Thundering torrents of water tumbling down the jagged edge of a cliff are some of the most dazzling phenomena on earth. Lucky for us, in Canada we have access to some of the most picturesque and powerful waterfalls in the world. Located from sea to shining sea, all of these beautiful waterfalls have something unique that makes them a worthy bucket-list item.
The best time to view most waterfalls is in the spring. Melting ice and glaciers create the most powerful flow of water. For many waterfalls, once summer hits, the falls slow down slightly. While summertime is still a magnificent time to view the falls, the crowds generally get bigger at the most popular ones. For some of the waterfalls on the list, winter is an opportunity to get a new perspective. Ice and falling water mingle, forming strange and wondrous formations.
Most of the waterfalls on this list are easy to access and do not require more than a few minutes walk for stunning sights. Others are quite remote and will require careful planning and stamina to reach. But you’re sure to find plenty of waterfalls that will encourage you to travel. Come, chase waterfalls with us.
Blasts of water rush to the basin below at Canada’s world-famous Niagara Falls. As one of the most popular tourist destinations in North America, the area is abundant with sightseeing tours and touristy adventures. The falls are actually three falls: the Horseshoe Falls, the American Falls, and the Bridal Veil Falls. Horseshoe Falls is located on the Canadian side and is the most powerful waterfall in North America. Featuring the highest water flow rate of any waterfall in the world — six million cubic feet of water falls each minute — Niagara might not be tall, but it sure is mighty.
Virginia Falls, Nahanni National Park
Virginia Falls is a majestic waterfall in remote Northwest Territories. In stark contrast to Niagara, Virginia Falls can only be accessed by floatplane from Fort Liard but is almost, if not more breathtaking, than its competitor. Only 1000 people visit the falls each year to admire the 100 meter high, 250-meter wide cascade. The native name for the falls is Nailicho in the South Slavey language, which literally means “big river falling.” For the people who can make it to Nahanni National Park, they’ll find themselves agreeing with the name.
Pissing Mare Falls, Gros Morne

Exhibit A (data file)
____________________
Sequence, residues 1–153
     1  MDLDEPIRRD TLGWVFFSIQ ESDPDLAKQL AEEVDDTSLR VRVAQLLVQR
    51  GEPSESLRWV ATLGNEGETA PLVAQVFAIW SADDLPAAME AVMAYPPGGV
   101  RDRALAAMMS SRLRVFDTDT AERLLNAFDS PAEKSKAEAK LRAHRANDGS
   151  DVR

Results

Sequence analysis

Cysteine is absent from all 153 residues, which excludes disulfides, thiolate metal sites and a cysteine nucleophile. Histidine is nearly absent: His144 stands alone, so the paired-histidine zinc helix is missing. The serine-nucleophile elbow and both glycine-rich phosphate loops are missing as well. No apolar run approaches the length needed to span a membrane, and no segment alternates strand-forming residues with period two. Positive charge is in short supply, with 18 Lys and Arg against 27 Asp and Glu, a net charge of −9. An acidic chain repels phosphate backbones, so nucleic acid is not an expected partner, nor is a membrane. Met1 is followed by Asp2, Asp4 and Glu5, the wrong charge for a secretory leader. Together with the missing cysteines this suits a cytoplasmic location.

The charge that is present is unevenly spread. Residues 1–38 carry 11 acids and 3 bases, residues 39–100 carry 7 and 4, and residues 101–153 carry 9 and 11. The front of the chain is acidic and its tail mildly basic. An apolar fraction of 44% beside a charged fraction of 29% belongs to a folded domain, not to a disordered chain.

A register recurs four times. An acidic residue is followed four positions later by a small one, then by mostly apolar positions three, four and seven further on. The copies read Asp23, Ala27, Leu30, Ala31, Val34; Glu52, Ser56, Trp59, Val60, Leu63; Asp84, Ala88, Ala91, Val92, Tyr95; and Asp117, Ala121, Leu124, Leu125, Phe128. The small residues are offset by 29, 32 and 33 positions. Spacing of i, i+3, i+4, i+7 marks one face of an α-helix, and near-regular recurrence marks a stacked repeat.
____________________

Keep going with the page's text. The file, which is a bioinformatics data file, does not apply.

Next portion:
A stunning line of water crashes down the cliff face at Gros Morne Park. While the name harkens images of a less than desirable destination, we promise you that Pissing Mare Falls will amaze you. The falls are somewhat difficult to view. You’ll need to book a boat tour through the fjord after walking half an hour down a maintained trail. The waterfall is best viewed in the spring when it has the most potent flow from its glacier. Spring is also a less busy time to visit.
Takakkaw Falls, BC
Meaning “magnificent” in Cree, Takakkaw Falls is the second-highest waterfall in Canada. The Falls are nestled in Yoho National Park, BC’s answer to Banff just across the border. The falls jet 384 meters down stunning mountain cliffs to the ice-cold glacier river below. Takakkaw Falls are reached after a winding drive up a steep road and a short walk. You’ll know which way to go just by the powerful sound of the water crashing to earth. Late spring is also the best time to visit when melted snow and glacier makes the falls the most dramatic.
A circular canyon created by the jetting water creates a stunning backdrop to Canada’s fourth tallest waterfall. Nestled in Wells Gray Provincial Park, the water roars down 141 meters to Murtle River, where the water will fall six more times before arriving at its destination. The Falls are easily accessed from the main park road. They’re magnificent to view in both winter or spring. The water still flows in wintertime, creating teardrop ice formations in the canyon.
Eighty-three meters of water cascade down the forested side of a cliff into the St. Lawrence River at Montmorency Falls. Only 12km from Quebec City, Parc de la Chute-Montmorency has developed multiple ways to admire the falls taller than Niagara. You can walk across a suspension bridge, zipline over the water or an aerial tram will garner you some spectacular views. Each method will give you a different angle to enjoy Montmorency Falls. The falls are exciting to visit any time of year. In the Fall, the changing colours of the surrounding trees make up for the somewhat less powerful spray.